Bush administration urged to delay launch of passenger screening system

The top Democrat on a House Homeland Security subcommittee joined a leading civil-liberties organization Thursday in calling on the Bush administration to delay the summer launch of a system to screen airline passengers because they said the system is not ready.

The American Civil Liberties Union (ACLU) and Rep. Loretta Sanchez of California said they expect a report from the Government Accountability Office, which is scheduled to be released Monday, to say that the system being developed by the Transportation Security Administration (TSA) will not meet the criteria established for it under a fiscal 2005 appropriations law.

The law that funds the Homeland Security Department outlined 10 different criteria the screening program must meet before it receives the funding to become operational. The criteria include requirements that TSA establish a system to allow passengers to appeal decisions barring them from flying and to correct errors about themselves.

"From what I've heard, the TSA has not met the criteria," said Sanchez, the ranking Democrat on Homeland Security Subcommittee on Economic Security, Infrastructure Protection and Cybersecurity. "The criteria was supposed to be met before the TSA moved forward with the project."

Sanchez said she has received many complaints from her constituents who travel frequently and are constantly stopped by airport screeners, even after they are cleared the first time. One of her constituents was held for five hours, she said.

Sanchez and the ACLU issued their call because TSA said earlier this year that it plans to launch the system in conjunction with two airlines this August.

Sanchez said that unlike the civil-liberties advocates, she supports the screening but would prefer that TSA get the system right before it is launched. Otherwise, the system could waste time and money, while a botched system would strain an already overburdened department.

"I think that the screening programs are important," she said. "They are a way for us to help determine whether people should be on a flight. When they work well, they are going to be a very powerful tool ... for protecting the public."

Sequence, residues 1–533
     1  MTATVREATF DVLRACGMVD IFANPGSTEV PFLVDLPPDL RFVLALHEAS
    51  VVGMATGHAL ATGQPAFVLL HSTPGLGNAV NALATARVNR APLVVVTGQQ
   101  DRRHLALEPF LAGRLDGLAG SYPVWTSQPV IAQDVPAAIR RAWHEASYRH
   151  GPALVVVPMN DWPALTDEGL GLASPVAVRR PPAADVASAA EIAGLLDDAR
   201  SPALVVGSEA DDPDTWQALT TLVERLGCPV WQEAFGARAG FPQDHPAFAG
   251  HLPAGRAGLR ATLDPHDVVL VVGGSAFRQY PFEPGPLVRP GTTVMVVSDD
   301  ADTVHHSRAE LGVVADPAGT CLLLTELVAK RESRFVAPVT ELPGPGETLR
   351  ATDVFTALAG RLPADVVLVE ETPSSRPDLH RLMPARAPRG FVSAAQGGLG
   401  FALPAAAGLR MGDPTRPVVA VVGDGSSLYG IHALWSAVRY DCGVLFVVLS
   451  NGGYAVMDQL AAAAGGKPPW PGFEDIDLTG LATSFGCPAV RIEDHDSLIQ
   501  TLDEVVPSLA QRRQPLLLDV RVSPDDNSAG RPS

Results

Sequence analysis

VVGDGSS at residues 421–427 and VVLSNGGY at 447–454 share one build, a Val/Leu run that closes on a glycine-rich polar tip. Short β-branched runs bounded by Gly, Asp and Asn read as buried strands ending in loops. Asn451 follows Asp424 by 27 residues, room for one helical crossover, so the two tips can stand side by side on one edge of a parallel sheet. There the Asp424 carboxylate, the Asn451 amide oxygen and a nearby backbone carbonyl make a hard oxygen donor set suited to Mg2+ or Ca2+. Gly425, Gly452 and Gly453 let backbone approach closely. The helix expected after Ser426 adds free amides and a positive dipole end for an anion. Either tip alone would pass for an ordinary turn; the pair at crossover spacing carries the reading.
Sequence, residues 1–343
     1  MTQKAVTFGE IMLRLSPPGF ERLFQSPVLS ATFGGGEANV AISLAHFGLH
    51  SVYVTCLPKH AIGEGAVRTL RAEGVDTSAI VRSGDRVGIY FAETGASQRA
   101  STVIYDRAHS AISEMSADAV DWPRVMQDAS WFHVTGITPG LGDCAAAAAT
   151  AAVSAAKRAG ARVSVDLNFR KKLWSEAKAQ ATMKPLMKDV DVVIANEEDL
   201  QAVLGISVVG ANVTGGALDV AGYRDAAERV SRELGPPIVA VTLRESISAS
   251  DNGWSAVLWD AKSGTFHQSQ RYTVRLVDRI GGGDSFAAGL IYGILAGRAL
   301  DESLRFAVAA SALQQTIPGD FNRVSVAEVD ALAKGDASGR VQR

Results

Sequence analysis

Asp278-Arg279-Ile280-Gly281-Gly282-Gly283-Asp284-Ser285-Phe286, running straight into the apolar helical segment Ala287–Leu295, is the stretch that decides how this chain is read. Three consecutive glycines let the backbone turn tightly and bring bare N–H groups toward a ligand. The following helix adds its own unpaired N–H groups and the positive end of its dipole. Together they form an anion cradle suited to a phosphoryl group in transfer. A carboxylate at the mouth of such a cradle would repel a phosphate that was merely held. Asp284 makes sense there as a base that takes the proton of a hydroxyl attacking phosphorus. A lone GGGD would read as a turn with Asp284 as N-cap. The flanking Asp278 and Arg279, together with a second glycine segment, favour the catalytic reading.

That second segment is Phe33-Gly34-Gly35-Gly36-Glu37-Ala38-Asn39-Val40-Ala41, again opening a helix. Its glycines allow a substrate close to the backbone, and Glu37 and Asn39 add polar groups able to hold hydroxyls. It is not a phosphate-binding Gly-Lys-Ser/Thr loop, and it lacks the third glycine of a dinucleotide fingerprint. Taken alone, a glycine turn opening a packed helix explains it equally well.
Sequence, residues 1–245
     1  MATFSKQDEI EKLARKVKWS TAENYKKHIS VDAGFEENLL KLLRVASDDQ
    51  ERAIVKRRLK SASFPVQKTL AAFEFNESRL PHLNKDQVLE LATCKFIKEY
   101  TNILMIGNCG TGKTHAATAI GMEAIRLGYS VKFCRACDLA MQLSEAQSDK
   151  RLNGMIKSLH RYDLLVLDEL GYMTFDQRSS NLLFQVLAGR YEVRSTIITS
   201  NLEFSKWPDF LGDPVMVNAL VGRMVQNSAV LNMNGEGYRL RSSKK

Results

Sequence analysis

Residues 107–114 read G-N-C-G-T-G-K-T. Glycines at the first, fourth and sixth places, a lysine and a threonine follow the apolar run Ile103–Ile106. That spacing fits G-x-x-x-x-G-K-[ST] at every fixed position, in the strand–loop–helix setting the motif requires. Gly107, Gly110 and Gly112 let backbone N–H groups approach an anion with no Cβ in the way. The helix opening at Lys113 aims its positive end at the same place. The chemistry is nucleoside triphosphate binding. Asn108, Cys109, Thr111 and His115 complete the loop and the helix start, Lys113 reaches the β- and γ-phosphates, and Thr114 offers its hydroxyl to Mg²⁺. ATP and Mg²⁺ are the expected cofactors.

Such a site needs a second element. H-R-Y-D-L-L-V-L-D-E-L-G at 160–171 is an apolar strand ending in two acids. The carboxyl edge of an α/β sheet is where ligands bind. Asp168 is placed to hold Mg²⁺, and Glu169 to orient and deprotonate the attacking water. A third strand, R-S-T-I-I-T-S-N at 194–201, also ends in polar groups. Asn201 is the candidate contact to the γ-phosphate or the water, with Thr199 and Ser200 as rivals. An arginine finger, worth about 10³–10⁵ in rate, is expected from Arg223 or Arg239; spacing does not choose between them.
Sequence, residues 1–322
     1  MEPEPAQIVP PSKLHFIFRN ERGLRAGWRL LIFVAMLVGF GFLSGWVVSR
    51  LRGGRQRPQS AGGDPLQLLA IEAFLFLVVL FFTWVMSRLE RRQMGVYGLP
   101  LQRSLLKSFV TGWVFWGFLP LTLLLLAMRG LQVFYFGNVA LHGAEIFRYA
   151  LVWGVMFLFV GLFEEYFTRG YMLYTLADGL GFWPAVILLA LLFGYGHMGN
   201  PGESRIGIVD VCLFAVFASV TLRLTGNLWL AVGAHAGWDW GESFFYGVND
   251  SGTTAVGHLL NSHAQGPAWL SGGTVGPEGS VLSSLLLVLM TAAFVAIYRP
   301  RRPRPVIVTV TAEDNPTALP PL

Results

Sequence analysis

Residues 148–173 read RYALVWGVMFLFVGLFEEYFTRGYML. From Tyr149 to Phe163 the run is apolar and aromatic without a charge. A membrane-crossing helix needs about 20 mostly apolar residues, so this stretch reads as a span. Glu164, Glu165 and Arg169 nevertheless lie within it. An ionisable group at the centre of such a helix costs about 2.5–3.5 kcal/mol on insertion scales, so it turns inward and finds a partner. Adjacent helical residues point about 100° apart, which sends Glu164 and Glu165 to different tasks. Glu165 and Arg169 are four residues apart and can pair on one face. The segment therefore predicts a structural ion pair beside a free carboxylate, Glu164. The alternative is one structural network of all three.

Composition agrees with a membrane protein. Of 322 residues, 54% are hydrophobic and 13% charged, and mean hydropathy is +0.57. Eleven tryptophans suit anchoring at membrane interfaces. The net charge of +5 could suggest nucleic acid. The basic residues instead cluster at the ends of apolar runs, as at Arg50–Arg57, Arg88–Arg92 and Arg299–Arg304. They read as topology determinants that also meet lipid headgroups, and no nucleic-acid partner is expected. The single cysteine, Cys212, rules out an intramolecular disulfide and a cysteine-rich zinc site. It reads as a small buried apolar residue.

If the administration does go forward with the program this summer, its decision would violate the law, said Timothy Sparapani, a legislative counsel for the ACLU.

Officials from Homeland Security did not return calls for comment by press time and GAO said it could not comment on the report until it is publicly issued Monday.

It is not clear whether the administration is pushing to go forward with Secure Flight. In its fiscal 2006 budget request, the administration said TSA should not go forward unless GAO verifies that the system meets conditions similar to those in the law.

Stay up-to-date with federal news alerts and analysis — Sign up for GovExec's email newsletters.
FROM OUR SPONSORS
JOIN THE DISCUSSION
Close [ x ] More from GovExec
 
 

Thank you for subscribing to newsletters from GovExec.com.
We think these reports might interest you:

  • Forecasting Cloud's Future

    Conversations with Federal, State, and Local Technology Leaders on Cloud-Driven Digital Transformation

    Download
  • The Big Data Campaign Trail

    With everyone so focused on security following recent breaches at federal, state and local government and education institutions, there has been little emphasis on the need for better operations. This report breaks down some of the biggest operational challenges in IT management and provides insight into how agencies and leaders can successfully solve some of the biggest lingering government IT issues.

    Download
  • Communicating Innovation in Federal Government

    Federal Government spending on ‘obsolete technology’ continues to increase. Supporting the twin pillars of improved digital service delivery for citizens on the one hand, and the increasingly optimized and flexible working practices for federal employees on the other, are neither easy nor inexpensive tasks. This whitepaper explores how federal agencies can leverage the value of existing agency technology assets while offering IT leaders the ability to implement the kind of employee productivity, citizen service improvements and security demanded by federal oversight.

    Download
  • IT Transformation Trends: Flash Storage as a Strategic IT Asset

    MIT Technology Review: Flash Storage As a Strategic IT Asset For the first time in decades, IT leaders now consider all-flash storage as a strategic IT asset. IT has become a new operating model that enables self-service with high performance, density and resiliency. It also offers the self-service agility of the public cloud combined with the security, performance, and cost-effectiveness of a private cloud. Download this MIT Technology Review paper to learn more about how all-flash storage is transforming the data center.

    Download
  • Ongoing Efforts in Veterans Health Care Modernization

    This report discusses the current state of veterans health care

    Download

When you download a report, your information may be shared with the underwriters of that document.